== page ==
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Frankie is a war vet whose life sucks. He has no money, a nagging wife, junkie friends, and a deformed baby. This is the story of one day in his pathetic post-war life. Written by
Josh Pasnak <firstname.lastname@example.org>
When I saw this, I said it's the greatest film of all time! Well, not THE greatest, but it's sure one of 'em!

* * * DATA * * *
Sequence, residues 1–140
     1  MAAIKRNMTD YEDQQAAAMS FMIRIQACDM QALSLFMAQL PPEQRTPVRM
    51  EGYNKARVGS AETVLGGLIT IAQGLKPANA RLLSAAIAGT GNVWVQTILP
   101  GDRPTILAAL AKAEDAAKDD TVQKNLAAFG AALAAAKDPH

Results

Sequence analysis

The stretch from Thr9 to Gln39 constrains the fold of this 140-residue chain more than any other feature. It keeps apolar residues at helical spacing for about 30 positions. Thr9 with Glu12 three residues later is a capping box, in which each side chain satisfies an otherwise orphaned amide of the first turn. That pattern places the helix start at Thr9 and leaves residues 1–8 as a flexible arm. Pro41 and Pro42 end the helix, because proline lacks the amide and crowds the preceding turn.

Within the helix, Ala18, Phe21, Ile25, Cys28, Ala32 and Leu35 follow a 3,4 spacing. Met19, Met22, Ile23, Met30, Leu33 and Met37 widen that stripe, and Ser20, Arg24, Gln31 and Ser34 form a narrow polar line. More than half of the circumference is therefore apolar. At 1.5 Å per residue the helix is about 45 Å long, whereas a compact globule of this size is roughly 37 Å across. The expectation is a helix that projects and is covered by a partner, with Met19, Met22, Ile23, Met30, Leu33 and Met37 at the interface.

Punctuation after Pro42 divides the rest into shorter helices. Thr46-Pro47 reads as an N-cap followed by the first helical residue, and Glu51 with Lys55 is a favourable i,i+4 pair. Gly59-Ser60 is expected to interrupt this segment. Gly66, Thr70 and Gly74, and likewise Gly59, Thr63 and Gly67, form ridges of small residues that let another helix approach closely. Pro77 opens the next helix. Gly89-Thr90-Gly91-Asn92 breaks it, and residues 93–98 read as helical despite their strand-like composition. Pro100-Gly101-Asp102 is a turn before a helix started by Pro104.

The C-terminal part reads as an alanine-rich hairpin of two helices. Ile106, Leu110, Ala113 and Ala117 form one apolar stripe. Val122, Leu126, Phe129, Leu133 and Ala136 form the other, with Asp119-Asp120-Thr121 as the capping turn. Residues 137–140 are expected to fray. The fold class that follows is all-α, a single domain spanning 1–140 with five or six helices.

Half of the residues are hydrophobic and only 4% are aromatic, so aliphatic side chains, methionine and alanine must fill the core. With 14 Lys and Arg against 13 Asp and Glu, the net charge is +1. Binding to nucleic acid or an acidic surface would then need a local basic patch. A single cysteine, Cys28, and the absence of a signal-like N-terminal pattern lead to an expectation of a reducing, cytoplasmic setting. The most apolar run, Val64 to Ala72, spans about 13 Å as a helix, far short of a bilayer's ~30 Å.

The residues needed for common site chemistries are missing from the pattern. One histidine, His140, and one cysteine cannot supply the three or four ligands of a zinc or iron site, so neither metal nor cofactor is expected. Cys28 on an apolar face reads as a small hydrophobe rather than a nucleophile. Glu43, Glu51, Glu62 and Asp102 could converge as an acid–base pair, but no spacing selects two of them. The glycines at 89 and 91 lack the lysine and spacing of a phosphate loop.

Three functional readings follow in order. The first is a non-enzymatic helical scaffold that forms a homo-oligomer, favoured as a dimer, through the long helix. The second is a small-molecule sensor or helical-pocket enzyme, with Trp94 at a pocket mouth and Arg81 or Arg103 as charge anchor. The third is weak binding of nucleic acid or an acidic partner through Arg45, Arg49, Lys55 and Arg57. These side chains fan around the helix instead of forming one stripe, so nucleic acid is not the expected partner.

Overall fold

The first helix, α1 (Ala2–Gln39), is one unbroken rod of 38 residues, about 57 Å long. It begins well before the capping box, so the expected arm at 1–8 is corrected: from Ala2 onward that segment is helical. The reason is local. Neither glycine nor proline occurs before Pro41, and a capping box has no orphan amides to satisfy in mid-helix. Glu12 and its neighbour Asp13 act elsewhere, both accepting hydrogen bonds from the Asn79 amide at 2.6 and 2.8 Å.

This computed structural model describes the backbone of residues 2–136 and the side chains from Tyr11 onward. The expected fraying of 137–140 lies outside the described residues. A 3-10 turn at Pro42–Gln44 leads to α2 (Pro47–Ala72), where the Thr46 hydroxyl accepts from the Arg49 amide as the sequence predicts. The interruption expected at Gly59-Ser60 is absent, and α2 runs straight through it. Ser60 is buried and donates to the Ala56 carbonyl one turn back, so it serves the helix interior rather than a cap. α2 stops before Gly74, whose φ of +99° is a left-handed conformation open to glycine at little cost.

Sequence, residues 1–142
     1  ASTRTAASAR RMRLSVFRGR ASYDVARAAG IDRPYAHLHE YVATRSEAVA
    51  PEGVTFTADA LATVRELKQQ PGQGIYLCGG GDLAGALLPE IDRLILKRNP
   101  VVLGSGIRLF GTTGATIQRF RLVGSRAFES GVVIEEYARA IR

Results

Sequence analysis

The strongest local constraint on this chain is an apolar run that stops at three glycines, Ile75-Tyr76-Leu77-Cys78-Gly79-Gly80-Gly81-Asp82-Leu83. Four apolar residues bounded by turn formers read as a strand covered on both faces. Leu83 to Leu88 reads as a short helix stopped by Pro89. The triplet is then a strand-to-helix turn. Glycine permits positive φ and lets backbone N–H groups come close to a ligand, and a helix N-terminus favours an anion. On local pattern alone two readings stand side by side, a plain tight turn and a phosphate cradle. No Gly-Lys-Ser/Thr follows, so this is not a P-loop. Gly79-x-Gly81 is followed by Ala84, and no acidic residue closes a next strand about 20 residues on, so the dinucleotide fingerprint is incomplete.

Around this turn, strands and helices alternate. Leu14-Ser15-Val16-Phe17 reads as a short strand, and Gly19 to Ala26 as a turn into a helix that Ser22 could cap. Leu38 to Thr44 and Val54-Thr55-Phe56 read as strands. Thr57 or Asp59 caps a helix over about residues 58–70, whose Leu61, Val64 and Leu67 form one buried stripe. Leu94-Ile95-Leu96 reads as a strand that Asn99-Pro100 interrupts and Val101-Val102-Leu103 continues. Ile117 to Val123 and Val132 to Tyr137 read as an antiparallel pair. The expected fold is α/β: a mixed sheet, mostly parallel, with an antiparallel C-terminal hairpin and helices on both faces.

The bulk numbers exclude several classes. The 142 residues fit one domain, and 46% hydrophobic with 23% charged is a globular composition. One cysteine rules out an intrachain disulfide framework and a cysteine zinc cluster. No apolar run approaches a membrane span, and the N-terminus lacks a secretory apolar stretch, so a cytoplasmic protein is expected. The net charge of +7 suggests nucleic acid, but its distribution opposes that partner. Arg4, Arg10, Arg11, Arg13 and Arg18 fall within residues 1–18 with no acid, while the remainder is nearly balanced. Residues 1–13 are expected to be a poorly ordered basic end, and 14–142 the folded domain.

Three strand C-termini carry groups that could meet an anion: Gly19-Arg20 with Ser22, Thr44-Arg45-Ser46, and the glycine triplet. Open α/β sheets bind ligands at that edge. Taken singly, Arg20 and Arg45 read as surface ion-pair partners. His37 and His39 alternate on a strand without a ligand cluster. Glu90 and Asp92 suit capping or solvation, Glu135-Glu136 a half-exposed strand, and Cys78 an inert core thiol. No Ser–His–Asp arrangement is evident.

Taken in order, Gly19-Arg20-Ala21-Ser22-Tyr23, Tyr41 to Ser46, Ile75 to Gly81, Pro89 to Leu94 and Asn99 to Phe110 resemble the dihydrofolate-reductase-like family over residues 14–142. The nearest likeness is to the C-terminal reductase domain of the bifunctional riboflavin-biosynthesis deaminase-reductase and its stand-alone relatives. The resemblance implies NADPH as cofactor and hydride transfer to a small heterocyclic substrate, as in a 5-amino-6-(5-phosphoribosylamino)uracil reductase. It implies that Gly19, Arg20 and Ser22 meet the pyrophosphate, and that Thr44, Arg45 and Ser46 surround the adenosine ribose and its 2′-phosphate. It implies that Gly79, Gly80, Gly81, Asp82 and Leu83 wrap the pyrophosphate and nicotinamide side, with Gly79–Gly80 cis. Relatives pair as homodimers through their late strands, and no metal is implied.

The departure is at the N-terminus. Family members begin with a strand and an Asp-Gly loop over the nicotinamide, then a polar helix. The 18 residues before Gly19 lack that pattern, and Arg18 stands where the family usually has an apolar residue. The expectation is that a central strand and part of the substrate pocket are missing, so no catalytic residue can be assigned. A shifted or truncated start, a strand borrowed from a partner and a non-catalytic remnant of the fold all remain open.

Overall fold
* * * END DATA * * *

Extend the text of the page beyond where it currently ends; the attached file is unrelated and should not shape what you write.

Where do I begin in a review of a film as powerful as "Combat Shock"? Here is the film that shoots holes in every patriotic belief. It is an art film with subtle moments throughout that don't even feel subtle, for even its calmest, most non-violent scenes get under the skin of the viewer. In it, Ricky Giovinazzo (writer/director Buddy Giovinazzo's brother) gives an excellent performance as a haunted 'Nam vet named Frankie. With his pregnant wife and severely disabled one-year-old son (totally mutated because of his father's exposure to Agent Orange), he struggles to survive in a ghetto filled with poverty and rot. Desperate to find a way out of his hopeless situation for his family and himself, he wanders the streets, having hellish flashbacks, being beaten by drug dealers, and searching for a job that doesn't require killing, robbing, or technical experience. Frankie's only friend is a quivering, bitter junkie who steals just to nurse his drug habit, and Frankie also encounters unfortunate people such as two young children being pimped on the street. As he wonders how this could happen in the country he had gone off to fight for, his sanity continuously crumbles before cold, graffiti-sprayed, industrial backgrounds. Adding more to the cold, relentless intensity is a droning mass of white noise that fills the soundtrack from the machines when the score isn't going. Soon Frankie sees that the very nation he has called home is a battleground all its own. There is not an uplifting moment in the entire film, not so much as even an iota of dark humor. "Combat Shock" offers strong insight into just how human even the most inhumane of killers are. Not once do the filmmakers glorify the violence seen in the movie, instead using the horrific and gory elements in the ugliest, most depressing way possible. Believe you me, this is no complaint, because this is what makes "Combat Shock" a powerful and unforgettable experience. It is raw, gritty, and very deep, as it is made for those who prefer films that force them to think. The score (by Ricky Giovinazzo as well) is one of the best I have ever heard, and fits the film like an uncomfortably tight glove, conveying a horror-movie feel while combining it with more melancholy and dramatic sounds (as well as some dirty, seedy, bored, punked-out-sounding death disco sensibilities) to help give this movie a feel of a study of reality as a horror movie. The gore FX and the mutant baby are very well-done, but this is not a movie for people who just want to see blood and guts. As I said, where most splatter films dehumanize their characters, "Combat Shock" makes you feel for the characters. It's so much more disturbing and moving that way, and I must say that this is more horrific than any of the full-on horror films that I've seen. The director was obviously a fan of "Taxi Driver" and "Eraserhead", but this film is not derivative and not only stands up well on its own, but stands up so well that it is much better than both of those films, gaining intensity and momentum until the shocking and heart-wrenching climax. I've watched this movie several times and still come away laughing at the end every time, not because it's funny (which it's not), but because it's a feeling of relief and release I get when the catharsis finally occurs in the brutal, climactic scenes. Don't think this is some cheezy, goofy movie just because it took Troma to release it. After all, nobody else would. It's been a long while since I have seen a movie that I would be ready and willing to crown as my favorite above all others, but this amazing masterpiece of independent cinema definitely deserves the title. (It's not its fault that it shares the title with many others, but that's beside the point!) And, by all means, see the unrated version!!!
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